Steve Jobs wasn’t happy. 

Sitting inside a small conference room at Apple Computer’s Cupertino, Calif., headquarters, the company’s founder had just unleashed a profanity-laden tirade directed towards Rob Siltanen, creative director and managing partner of an advertising agency called TBWA/Chiat/Day.

Weeks earlier, Siltanen, along with his colleague, Lee Clow, had successfully pitched and won the Apple account, impressing Jobs and his small team with their creative and innovative campaign ideas.

It was the summer of 1997, and Apple was floundering – hemorrhaging money and in desperate need of cash and a turn-around in sales.

Today, Apple is worth over $2 trillion, but back in the late 1990s the company was a shell of what it would someday be. Jobs had only just returned following a ten-year exile. He had dreams and big plans, but at this point, there was no iMac, iPad or iPhone.

Rob Siltanen once described Jobs as “a mix between Michelangelo, Miles van der Rohe and Henry Ford – with some John McEnroe and Machiavelli thrown in.” Creatives can be like that – difficult, demanding and even obstinate, as evidenced by the Apple founder’s agitated reaction to the new campaign copy he was being asked to review.

After listening to and talking with Jobs and his team, Siltanen and Clow had enthusiastically and confidently settled on the theme, “Think Different” – a nod to the computer company’s maverick reputation as well as a contrast to IBM’s rival campaign, “Think IBM.”

Only Jobs hated it and really let them have it.

But several rounds of revisions later, Steve Jobs had a change of heart. He greenlighted the campaign. Now it was time to hire someone to voice the manifesto and attach it to images for a television ad.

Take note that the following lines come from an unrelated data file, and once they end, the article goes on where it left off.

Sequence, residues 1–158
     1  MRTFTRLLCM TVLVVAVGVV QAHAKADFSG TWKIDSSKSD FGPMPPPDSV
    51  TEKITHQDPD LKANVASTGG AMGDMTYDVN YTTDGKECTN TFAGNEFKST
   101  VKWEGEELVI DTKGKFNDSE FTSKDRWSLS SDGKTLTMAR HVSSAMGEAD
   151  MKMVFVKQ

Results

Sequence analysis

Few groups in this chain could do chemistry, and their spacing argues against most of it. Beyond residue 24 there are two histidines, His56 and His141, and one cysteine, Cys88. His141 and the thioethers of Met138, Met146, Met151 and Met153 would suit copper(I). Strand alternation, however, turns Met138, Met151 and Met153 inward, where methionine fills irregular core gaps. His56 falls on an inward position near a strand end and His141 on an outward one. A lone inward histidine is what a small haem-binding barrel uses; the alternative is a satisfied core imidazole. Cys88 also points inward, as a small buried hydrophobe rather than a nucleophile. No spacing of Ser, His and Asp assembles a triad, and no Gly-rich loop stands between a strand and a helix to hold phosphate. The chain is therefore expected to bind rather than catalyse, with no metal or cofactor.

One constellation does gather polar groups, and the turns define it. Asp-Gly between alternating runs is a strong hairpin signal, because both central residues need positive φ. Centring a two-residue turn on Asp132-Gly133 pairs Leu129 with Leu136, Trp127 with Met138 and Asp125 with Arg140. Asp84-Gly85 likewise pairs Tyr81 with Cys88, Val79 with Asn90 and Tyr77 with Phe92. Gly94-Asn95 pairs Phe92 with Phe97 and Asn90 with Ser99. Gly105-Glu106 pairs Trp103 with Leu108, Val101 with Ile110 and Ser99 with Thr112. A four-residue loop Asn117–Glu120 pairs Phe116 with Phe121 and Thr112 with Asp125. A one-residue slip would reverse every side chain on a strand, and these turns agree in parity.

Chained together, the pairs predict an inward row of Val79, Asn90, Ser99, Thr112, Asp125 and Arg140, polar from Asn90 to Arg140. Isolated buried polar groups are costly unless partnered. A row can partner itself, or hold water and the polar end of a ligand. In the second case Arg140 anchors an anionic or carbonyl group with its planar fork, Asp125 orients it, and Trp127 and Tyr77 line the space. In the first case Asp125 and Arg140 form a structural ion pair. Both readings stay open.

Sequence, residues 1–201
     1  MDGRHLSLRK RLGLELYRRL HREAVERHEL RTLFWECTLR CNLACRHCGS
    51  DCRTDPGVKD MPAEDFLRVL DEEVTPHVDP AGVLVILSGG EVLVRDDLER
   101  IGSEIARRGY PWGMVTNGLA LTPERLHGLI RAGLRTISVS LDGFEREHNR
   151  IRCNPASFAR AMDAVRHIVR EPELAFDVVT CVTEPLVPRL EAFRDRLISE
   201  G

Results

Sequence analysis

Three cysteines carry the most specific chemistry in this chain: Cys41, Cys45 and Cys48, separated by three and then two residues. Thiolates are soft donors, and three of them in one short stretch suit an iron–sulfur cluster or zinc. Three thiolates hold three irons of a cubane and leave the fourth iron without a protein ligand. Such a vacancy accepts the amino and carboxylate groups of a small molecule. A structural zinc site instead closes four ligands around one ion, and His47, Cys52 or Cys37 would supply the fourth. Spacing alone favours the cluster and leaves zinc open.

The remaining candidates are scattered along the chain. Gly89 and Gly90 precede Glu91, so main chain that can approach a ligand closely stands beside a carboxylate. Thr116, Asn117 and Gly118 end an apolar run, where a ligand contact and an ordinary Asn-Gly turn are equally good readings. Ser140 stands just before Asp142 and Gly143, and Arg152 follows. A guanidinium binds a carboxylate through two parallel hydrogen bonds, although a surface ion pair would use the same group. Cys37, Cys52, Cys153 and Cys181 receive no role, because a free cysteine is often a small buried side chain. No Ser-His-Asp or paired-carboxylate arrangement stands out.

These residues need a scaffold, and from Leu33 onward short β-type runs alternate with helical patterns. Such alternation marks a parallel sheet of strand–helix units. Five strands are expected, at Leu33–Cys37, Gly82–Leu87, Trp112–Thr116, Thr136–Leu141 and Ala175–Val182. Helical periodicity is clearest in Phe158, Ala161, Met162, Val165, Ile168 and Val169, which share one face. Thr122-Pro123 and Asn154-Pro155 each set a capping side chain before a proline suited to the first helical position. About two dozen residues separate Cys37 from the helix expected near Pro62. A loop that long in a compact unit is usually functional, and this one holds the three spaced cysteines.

Robin Williams, a personal friend of Jobs who had actually inspired the writing of the spot based on his role in the movie, Dead Poet’s Society, turned it down. Richard Dreyfuss was the next choice to voice the spot.

Here was the copy:

Here’s to the crazy ones.

The misfits. The rebels. The troublemakers. The round pegs in the square holes.

The ones who see things differently.

They’re not fond of rules. And they have no respect for the status quo.

You can quote them, disagree with them, glorify or vilify them.

They push the human race forward. And while some may see them as the crazy ones, we see genius.

Because the people who are crazy enough to think they can change the world are the ones who do. 

Those thoughts were written to sell computers, and sell them they did. Within a year, Apple’s stock price tripled, leading to the release of colored iMacs and the explosion of a phenomenon that continues to this day.

Apple’s ‘Think Different’ campaign is now legendary, but I also believe it’s instructive for Christian believers in 2021.

By the world’s standards, we are the crazy ones. We are misfits, rebels and even troublemakers. More and more lately, we feel like round pegs being forced into square holes.

Today’s headlines give us headaches – and for good reason.

Multi-millennia beliefs are suddenly called bigoted and hateful. 

We believe God runs the universe, not men and women. We believe there are two, immutable genders, that all life is sacred, and that one-man, one-woman marriage is a godly covenant.

We follow God’s rules, not ones contrived to conform to modern mores. We believe God, while constant, is always on the move. He’s not here to serve as some cosmic butler – He invites us to join Him on a grand journey.

And yes, we believe, with God’s help and favor, that we can change the world. 

It’s time to think different than the world.

As the Apostle Paul wrote, “Do not be conformed to this world, but be transformed by the renewal of your mind, that by testing you may discern what is the will of God, what is good and acceptable and perfect” (Romans 12:2).  

It’s time to stand tall in the face of the bullies and the boisterous agitators trying to upend Judeo-Christian norms.

Photo from Sukrita Rungroj /